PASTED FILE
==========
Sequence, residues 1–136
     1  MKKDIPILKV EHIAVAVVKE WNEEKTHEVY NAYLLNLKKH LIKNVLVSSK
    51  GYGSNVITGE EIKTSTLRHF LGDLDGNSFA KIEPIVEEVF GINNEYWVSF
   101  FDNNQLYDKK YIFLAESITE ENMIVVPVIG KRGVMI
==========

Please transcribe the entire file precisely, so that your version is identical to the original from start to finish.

Sequence, residues 1–136
     1  MKKDIPILKV EHIAVAVVKE WNEEKTHEVY NAYLLNLKKH LIKNVLVSSK
    51  GYGSNVITGE EIKTSTLRHF LGDLDGNSFA KIEPIVEEVF GINNEYWVSF
   101  FDNNQLYDKK YIFLAESITE ENMIVVPVIG KRGVMI